In recent years, there has been a lot of controversy in the healthcare system (high cost and declining quality of care) with more patients discharged for a home health care setup.

This is a matter of concern especially since recovery in the home setting is mostly dependent on someone else for continued care. Seniors living alone, for example, face this risk, medications can be missed, or a fall could happen in between (infrequent) visits.

Thus, with people’s busy lifestyle and the shortage of professional caregivers, many favor the growth of in-home care technology to receive care on an outpatient basis. This article discusses medical devices used for home health care and the envisioned future of health care.

Use of in-home medical device

Complex medical devices have been used in non-clinical settings for years such as ventilators, infusion pumps and dialysis machines; however, these devices were not designed for home use.

But with the demand for home health care, more of these medical devices are being redesigned for use by individuals at home. In addition, some medical devices have been produced to enable people to manage their health independently and at an affordable cost.

While the new technology enables basic home care, it cannot substitute for the more sophisticated capabilities of specialized clinical care of hospitals. But it is a worthy and viable alternative amid the rising health care costs.

Types of in-home medical device

The home medical device is classified into the following segments:

  1. Test kits – a wide range of urine testing and necessary blood detox kits to detect various chemicals and conditions (e.g. pregnancy, prohibited drugs, HIV).
  2. First aid equipment – used to manage injuries or temporary health conditions (e.g. bandages, heating pad, ostomy care, defibrillator).
  3. Medical equipment – used to support the performance of activities of daily living such as feeding, bathing, toileting (e.g. lift equipment, commode, urinal or bedpan).
  4. Medication administration equipment – devices used to administer medications (e.g. dosing equipment, medication patches, inhalers).
  5. Respiratory equipment – used to treat respiratory health conditions (e.g. ventilator, oxygen cylinder, nebulizer).
  6. Treatment equipment – used to administer a range of treatment therapies (e.g. IV equipment, dialysis machines, infusion pumps).
  7. Meters and monitors – devices and parts of the healthcare device used to determine vital signs such as blood pressure monitor, pulse oximeter, ECG monitor).
  8. Assistive technology – devices used to improve personal capabilities, such as sensory abilities or mobility (e.g. hearing aid, prosthetic device, wheelchair).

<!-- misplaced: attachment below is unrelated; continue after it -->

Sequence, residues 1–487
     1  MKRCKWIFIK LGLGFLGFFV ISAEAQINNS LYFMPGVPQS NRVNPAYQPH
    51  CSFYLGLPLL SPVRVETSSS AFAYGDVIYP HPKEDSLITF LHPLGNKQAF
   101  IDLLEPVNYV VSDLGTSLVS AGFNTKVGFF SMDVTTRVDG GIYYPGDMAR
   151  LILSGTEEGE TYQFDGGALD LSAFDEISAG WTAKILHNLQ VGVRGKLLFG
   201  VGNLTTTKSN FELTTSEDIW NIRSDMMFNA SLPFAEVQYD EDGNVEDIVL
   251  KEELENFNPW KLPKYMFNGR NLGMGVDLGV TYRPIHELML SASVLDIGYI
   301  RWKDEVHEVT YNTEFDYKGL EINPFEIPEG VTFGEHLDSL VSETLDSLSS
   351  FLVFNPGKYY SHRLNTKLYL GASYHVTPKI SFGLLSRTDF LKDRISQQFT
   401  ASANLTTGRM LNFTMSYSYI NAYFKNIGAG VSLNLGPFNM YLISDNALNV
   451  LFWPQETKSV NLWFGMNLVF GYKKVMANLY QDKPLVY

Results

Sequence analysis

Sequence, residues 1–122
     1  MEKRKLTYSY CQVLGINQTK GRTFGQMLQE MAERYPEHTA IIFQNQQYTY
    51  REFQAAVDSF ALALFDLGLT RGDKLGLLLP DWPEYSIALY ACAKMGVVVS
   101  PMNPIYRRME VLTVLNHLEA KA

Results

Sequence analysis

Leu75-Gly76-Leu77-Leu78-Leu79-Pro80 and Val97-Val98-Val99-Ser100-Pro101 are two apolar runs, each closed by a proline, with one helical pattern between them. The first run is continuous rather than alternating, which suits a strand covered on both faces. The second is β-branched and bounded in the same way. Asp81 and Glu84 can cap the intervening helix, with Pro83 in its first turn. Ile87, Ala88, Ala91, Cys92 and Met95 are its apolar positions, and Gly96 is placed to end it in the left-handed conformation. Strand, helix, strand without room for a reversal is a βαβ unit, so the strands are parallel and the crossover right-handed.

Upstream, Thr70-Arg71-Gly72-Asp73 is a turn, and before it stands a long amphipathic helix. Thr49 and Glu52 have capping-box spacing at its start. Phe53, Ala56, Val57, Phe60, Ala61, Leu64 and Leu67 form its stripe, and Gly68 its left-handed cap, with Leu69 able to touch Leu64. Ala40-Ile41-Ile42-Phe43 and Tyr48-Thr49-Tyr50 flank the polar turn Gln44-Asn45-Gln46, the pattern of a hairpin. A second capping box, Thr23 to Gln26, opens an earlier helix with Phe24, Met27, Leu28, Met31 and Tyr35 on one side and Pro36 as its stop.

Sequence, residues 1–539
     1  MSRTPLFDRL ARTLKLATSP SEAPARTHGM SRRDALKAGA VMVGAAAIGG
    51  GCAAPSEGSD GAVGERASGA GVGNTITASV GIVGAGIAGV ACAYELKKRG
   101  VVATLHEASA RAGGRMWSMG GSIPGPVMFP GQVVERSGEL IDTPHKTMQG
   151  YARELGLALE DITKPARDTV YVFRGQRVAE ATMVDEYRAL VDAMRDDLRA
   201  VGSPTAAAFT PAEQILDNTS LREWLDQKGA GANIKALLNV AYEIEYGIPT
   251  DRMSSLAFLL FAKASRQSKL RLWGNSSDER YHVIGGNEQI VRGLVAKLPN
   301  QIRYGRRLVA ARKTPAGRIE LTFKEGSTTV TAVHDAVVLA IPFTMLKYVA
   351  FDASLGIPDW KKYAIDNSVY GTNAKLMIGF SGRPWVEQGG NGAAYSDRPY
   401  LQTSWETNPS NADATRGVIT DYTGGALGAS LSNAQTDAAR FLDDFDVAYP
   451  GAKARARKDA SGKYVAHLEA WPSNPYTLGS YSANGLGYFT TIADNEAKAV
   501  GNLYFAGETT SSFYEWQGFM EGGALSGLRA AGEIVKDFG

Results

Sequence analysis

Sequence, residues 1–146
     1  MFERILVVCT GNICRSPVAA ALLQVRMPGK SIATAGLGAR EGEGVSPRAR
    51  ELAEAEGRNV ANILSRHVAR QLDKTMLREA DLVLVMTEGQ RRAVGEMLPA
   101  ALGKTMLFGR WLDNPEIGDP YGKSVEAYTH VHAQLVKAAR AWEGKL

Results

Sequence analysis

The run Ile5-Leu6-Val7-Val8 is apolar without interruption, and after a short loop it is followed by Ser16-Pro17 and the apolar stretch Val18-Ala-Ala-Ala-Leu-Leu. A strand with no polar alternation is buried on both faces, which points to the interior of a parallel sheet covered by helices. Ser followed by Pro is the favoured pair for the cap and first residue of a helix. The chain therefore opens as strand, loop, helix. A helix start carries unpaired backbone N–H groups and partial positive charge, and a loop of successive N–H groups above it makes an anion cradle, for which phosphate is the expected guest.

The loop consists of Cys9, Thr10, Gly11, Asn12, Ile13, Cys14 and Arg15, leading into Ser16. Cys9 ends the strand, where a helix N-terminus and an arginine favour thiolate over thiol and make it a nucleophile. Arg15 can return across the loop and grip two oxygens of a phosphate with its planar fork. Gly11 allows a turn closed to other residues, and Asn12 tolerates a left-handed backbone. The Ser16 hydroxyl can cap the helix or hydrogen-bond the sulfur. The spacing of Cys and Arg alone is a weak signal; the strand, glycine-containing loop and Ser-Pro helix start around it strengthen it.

9. Infant care – machines used to monitor and treat infants (e.g. apnea monitor, pulse oximeter, phototherapy).
  10. Telehealth equipment – used to collect data in the home setting and transmit the data to a remote monitoring site (e.g. cameras, sensors, data collection).

The future of healthcare

Connected care technology (or networked “smart devices”) is a technological advancement that will set the stage for transforming health care. Connected care technology – which includes secure and open data sharing and communication across users and health care professionals is seen as important in continuous care and the improvement of medical diagnostic systems.

In coming years, the healthcare industry will see a dramatic increase in remote patient monitoring in the home such as wireless electronics (e.g. wearable meters and portable mediaid sensors and monitors) and digital processes that support communication between a set of devices and remote health care providers.

Future technological advances will bring new devices such as Bluetooth connected pacemakers, medicine delivery systems, miniaturized medical devices and the multimillion-dollar robots for more precise and efficient surgical procedures.

The future of health care will be more connected and decentralized, with consumers having an active role in the delivery of care (preventive intervention or disease management), greater influence in patient data sharing, and able to live independently in the comfort of their home while receiving care.

Risks of home health care

There are critical gaps cited by health care professionals when it comes to medical technological advances and decentralised in-home care. These include human factor or user issues, device issues and environmental issues.

Users may become less diligent in maintaining their health when at home. Good assessment program must be in place to determine whether the home medical device is suitable for the individual (e.g. physical strength, sensory capabilities, knowledge of the device).

The condition of the residential environment may not be conducive to home health care or the use of the medical device (e.g. children in the house, low lighting, crowded space.) All these need to be considered and integrated into the assessment program to deliver the expected health care outcomes.


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Former nurse turned digital nomad, Tara understands the importance of providing value in everything she does whether she’s writing a journal, contributing valuable insights on various topics such as health, tech and marketing or volunteering her time in humanitarian cause. She also loves hiking and swimming. Follow her on twitter.

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